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The Gaslamp Killer – Breakthrough

Album review

It’s bizarre to think that this is The Gaslamp Killer‘s debut album. The hirsute beatsmith seems to have been around for donkey’s years – he’s a founding member of LA’s influential Low End Theory club for pity’s sake, yet peers such as Flying Lotus and Samiyam are already working on third albums while GK has, until now, contented himself with putting out occasional EPs at irregular intervals.

Of course, in a way he has already released an album: his old pal Gonjasufi’s debut was put together almost entirely by ol’ Gaslamp. While the LP did contain a FlyLo joint alongside a handful from Mainframe, the mixture of dusty, gritty breaks, mystical eastern samples and straight up psychedelia bore the undeniable DNA of one man: it wasn’t called “A Sufi A Killer” for nothing, the record was practically a duet.

So what of his debut proper? Facetiously titled “Breakthrough”, you half-expect it to be a meticulously-curated collection of all the best tracks he’d presumably squirrelled away over the years. The fact that it’s actually an unbalanced, scattershot, deranged record full of unexpected twists and bizarre ideas is, in retrospect, much more fitting.

The album begins with an intro so bizarre you may as well just instruct listeners to inhale a whippet of laughing gas before pressing play, and the way it suddenly switches into the Dr. Dre-esque string samples of “Veins”, which features crackly, soulful vocals from Gonjasufi himself, is predictably unpredictable. At times it almost feels like an album constructed entirely out of interludes, with less than a third of the tracks breaching the three minute mark. Also, though featuring a whole host of collaborators, only Mr. Sufi’s vocal contributions are obviously his, while the rest is left to guesswork. Are those Shigeto’s rapid-fire drums on the droney “Keep It Simple, Stupid”? Whose wibbly synths are those on “Holy Mt Washington”, Gaslamp’s or Computer Jay’s? The mystery is part of the fun.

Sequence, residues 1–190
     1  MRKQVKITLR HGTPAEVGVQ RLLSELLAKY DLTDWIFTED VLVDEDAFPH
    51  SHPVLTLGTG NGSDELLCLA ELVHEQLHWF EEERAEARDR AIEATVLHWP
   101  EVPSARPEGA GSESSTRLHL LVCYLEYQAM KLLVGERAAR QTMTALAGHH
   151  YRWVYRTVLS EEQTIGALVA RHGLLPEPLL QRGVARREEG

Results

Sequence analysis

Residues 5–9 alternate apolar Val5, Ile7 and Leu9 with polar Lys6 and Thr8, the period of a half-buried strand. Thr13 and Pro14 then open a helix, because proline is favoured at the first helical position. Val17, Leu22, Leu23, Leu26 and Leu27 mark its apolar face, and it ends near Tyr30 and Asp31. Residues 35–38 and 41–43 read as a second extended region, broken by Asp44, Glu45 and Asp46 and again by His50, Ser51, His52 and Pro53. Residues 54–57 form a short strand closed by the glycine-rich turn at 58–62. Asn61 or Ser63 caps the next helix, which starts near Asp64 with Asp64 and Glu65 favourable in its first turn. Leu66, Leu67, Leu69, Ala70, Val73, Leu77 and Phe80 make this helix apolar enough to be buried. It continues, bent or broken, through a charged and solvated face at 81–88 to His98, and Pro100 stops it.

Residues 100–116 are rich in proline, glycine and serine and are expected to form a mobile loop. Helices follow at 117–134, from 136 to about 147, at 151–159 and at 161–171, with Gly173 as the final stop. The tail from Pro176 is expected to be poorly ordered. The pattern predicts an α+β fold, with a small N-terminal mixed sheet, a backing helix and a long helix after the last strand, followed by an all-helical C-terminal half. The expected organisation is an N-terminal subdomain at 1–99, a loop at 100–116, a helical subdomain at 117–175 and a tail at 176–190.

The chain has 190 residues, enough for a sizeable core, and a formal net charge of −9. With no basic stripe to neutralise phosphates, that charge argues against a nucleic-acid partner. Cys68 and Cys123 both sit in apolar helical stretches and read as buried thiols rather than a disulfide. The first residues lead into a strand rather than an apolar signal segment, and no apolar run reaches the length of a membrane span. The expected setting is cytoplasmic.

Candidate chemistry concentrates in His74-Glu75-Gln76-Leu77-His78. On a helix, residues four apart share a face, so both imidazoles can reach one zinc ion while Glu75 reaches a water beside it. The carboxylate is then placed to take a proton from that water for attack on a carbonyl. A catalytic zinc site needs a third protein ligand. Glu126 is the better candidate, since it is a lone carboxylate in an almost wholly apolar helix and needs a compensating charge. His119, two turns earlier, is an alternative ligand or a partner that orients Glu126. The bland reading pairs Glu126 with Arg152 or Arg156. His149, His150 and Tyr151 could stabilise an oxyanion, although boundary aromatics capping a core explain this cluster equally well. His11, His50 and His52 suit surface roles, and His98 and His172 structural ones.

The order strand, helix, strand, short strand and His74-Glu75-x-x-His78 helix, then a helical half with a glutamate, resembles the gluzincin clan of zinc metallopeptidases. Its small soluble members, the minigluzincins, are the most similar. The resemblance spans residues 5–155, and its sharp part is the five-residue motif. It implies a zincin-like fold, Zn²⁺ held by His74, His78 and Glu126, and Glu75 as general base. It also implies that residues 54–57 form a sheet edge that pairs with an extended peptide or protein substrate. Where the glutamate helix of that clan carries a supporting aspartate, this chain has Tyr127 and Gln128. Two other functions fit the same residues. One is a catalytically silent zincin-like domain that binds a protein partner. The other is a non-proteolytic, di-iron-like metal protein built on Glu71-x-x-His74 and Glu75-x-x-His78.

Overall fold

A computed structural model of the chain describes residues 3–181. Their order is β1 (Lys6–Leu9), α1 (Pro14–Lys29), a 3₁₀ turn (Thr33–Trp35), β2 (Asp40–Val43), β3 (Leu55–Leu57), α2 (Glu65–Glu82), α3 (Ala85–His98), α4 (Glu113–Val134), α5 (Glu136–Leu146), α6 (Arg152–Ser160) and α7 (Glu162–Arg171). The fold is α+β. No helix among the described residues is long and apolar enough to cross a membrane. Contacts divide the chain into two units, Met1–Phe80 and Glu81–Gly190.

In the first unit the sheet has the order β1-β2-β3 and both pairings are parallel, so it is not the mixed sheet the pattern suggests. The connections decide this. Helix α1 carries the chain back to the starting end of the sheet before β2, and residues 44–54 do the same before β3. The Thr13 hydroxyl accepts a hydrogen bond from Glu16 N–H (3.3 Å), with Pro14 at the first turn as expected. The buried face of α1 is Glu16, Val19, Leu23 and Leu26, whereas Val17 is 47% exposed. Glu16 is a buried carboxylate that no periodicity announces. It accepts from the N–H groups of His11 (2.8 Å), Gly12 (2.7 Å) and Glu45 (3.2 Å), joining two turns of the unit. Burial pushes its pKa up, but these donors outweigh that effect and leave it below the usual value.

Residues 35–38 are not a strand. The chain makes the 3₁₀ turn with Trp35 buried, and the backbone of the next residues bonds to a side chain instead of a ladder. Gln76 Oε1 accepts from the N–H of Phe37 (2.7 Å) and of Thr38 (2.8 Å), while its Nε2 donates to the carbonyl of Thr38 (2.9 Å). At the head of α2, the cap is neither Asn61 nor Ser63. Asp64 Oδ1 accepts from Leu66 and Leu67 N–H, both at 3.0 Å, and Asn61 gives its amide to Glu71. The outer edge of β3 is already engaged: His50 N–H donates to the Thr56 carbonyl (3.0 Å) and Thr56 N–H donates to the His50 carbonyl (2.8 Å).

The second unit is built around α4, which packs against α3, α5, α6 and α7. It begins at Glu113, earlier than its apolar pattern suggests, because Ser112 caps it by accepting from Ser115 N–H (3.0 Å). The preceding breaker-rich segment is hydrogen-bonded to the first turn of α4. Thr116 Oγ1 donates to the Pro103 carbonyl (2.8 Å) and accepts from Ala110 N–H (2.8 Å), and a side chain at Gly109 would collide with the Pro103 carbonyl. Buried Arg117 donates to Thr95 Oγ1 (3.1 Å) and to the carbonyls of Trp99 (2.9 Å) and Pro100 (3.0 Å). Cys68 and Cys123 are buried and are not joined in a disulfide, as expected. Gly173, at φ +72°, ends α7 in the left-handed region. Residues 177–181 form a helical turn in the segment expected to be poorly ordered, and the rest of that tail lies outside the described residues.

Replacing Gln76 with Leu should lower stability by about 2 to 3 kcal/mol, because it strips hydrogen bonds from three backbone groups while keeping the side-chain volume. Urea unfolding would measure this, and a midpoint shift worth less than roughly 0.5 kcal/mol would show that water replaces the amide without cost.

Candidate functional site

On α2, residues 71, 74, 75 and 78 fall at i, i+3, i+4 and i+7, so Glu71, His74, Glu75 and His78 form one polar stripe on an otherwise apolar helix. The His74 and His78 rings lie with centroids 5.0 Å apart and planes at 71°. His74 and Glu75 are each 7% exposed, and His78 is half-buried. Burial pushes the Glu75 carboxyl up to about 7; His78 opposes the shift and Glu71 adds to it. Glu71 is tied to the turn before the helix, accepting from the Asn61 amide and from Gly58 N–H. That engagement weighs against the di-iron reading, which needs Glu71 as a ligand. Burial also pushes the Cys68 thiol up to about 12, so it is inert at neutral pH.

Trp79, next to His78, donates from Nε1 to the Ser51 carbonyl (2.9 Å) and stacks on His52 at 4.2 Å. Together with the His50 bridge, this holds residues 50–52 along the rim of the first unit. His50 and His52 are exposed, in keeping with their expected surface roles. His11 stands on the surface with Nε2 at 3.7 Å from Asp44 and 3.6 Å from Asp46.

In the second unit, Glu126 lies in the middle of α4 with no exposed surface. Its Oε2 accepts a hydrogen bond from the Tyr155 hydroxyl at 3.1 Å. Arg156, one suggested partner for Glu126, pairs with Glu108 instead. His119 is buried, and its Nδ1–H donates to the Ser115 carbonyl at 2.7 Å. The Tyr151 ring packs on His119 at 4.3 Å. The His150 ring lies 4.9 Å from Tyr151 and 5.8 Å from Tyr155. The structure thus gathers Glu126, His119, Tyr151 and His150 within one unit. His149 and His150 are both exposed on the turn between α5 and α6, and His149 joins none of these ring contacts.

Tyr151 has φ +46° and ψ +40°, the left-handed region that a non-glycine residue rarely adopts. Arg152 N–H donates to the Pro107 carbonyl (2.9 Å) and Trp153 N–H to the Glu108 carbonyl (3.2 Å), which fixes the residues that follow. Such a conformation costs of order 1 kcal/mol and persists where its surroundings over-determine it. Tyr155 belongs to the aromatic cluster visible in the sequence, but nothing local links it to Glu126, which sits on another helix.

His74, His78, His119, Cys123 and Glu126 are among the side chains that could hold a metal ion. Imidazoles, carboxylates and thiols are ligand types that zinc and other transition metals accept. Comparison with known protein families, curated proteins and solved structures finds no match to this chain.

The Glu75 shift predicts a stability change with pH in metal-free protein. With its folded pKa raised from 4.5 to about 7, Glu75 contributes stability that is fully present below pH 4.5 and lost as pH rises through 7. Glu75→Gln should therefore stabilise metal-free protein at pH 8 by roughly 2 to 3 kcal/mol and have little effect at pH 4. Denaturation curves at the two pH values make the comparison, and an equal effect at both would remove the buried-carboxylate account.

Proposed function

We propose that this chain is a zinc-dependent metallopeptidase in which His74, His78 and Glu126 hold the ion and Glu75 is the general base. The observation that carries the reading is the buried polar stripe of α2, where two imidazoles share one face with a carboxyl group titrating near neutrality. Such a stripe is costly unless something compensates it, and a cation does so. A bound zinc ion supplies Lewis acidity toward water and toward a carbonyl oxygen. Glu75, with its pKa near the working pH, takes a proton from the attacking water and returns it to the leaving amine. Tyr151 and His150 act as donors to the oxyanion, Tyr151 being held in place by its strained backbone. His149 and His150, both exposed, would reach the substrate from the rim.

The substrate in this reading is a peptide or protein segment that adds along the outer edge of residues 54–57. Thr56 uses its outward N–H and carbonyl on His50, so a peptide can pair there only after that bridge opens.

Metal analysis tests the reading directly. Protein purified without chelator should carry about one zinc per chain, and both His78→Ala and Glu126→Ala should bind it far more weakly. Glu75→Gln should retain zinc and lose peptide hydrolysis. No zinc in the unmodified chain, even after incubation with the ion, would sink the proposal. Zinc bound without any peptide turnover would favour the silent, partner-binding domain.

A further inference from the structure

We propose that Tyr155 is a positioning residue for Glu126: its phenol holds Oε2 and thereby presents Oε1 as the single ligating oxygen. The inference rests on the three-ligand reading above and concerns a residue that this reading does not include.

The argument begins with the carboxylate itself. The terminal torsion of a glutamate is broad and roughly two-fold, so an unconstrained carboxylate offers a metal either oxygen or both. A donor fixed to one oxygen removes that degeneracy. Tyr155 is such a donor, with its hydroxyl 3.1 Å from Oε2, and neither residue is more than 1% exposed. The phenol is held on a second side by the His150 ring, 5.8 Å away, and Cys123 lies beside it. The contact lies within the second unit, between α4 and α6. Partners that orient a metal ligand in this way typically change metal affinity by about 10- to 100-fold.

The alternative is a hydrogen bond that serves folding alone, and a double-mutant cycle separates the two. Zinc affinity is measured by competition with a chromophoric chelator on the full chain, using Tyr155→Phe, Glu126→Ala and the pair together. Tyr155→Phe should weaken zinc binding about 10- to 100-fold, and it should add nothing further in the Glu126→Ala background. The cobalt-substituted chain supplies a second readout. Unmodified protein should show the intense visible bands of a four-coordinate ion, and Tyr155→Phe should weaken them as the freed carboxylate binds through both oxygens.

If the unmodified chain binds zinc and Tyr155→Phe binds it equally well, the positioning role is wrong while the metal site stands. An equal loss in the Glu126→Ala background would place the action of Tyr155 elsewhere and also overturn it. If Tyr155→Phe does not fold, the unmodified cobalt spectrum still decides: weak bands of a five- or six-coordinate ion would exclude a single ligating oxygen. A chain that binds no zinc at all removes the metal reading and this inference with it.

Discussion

There’s a lot of fun to be had on this album in fact, and not just on the snigger-inducing “Fuck”. From the brutal synths and messy rhythms of “Impulse”, to the relatively lengthy “Nissim”, which snaps from an extended sitar solo into the album’s jauntiest track with a perfect drop. Elsewhere, “Dead Vets” provides one of the best organ n’ breaks exhibitions since DJ Shadow’s “Organ Donor”, and the farty synths of “Peasants, Cripples and Retards” will probably shake the eyebrows off your face if you have your headphones too loud. On the other side of the spectrum, “Apparitions” manages to update the smoky Ethiopiques sound of Mulatu Astatqé with impressive casualness.

While there’s nothing here that matches the catchiness of, say, “Turk Mex” from the “MY Troubled Mind” EP, the disjointed, mercurial shiftiness of “Breakthrough” provides a pretty perfect portrait of its creator. This is a man who got his nickname, remember, from the fact that his experimental Djing often killed parties in his former stomping ground, the Gaslamp district of San Diego. “I’m not making party music,” he says, “I’m making head music”. It’s a cliché of course, but as a moody violin motif rounds off “7 Years of Bad Luck for Fun”, the album’s closing track, you’re left thinking one thing – that was one hell of a trip…

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